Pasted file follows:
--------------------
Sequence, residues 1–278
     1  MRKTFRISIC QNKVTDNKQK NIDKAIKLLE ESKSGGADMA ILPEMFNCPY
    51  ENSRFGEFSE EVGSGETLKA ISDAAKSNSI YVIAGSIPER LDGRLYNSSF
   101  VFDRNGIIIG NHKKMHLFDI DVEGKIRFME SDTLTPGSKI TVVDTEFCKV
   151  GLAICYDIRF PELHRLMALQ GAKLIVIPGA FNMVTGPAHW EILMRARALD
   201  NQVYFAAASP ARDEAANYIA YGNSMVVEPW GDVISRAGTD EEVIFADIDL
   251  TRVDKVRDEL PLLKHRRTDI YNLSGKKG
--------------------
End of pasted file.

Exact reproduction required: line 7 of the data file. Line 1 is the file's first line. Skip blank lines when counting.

   251  TRVDKVRDEL PLLKHRRTDI YNLSGKKG